Why Anglicans Study the Bible in Light of Tradition

Anglican Church

While Scripture is the foundational aspect of Anglican theology, another key “leg” of the three-legged stool is tradition. Anglicans value studying Scripture within tradition, bringing insights and decisions from the larger communion of saints, across time and geography, to bear on the interpretation and implementation of Scripture. In other words, each time we open Scripture, it is not simply one individual studying Scripture alone, it is very intentionally a group effort in partnership with the great cloud of witnesses.

Unity through worship

First and foremost in the Anglican tradition is the Book of Common Prayer. At the end of the sixteenth century, the Church of England was deeply divided between the Puritans and those who wanted to hold on to more of the Roman Catholic elements of the church (later referred to as Anglo-Catholics). With Queen Elizabeth at its head, the Church of England decided that it wasn’t going to enforce doctrinal unity outside of what it saw as central Christian belief. Rather, they emphasized unity of worship. Drawing heavily on existing material while injecting insights from the Reformers, Anglicans created the Book of Common Prayer to unify worship across all their churches. Consequently, it is Anglicans’ common worshipping and praying life that has the largest influence on its views of Scripture and the rest of tradition.

A diverse body

That focus on unity of worship has allowed for a wide diversity in the way the tradition has developed. Most Anglicans have always held the Church Fathers in high regard. Many Anglicans have drawn on Roman Catholic and Eastern Orthodox theologians as a way to understand Scripture and interpret existing tradition. Still other have been significantly influenced by Lutheran and Reformed theologians. This mix has created an Anglican tradition with a character all its own. At the same time, however, most Anglicans still draw on sources outside of the Anglican tradition.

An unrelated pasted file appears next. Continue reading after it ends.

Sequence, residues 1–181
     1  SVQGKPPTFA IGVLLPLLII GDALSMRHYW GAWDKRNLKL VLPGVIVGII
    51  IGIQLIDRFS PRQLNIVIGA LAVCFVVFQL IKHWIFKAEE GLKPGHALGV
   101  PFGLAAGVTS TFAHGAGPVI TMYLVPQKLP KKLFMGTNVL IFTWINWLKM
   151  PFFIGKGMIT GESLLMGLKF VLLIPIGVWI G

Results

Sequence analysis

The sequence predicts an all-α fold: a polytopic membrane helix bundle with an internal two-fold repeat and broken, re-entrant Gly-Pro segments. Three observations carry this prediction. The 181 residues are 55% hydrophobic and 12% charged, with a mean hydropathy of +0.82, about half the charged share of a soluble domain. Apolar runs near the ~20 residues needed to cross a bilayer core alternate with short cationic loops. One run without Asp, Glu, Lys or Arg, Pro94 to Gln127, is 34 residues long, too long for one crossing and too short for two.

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  1. So, I might be able to guess, but to be sure, what exactly are the three legs to the stool. Are they equal, or does one take precedence?

  2. David R. Sincerbox says

    The three legged stool is based on a milk stool in which the three legs are not equal. The longest leg is Scripture, and the two shorter legs are tradition and reason. Some have distorted Hooker’s image and presented the three legs as equal.

    • Hamilton Ramos says

      God bless:

      This is interesting, thanks for sharing.

      I just thought that the stool is missing context: Jesus Christ, and the Holy Spirit.

      Jesus Christ is the rock over where the stool must be resting, and the Holy Spirit can be seen as the gravity that keeps the stool from moving out of place.

      Never thought of this until reading this article and the posts of participants.

      Thanks, and blessings.

  3. Significantly then Anglicanism is not a doctrinaire denomination but a denomination that balances personal experience with the experience of the whole church, past and present. Conflicts arise when the balance is placed in a different place. But can one position be authoritative?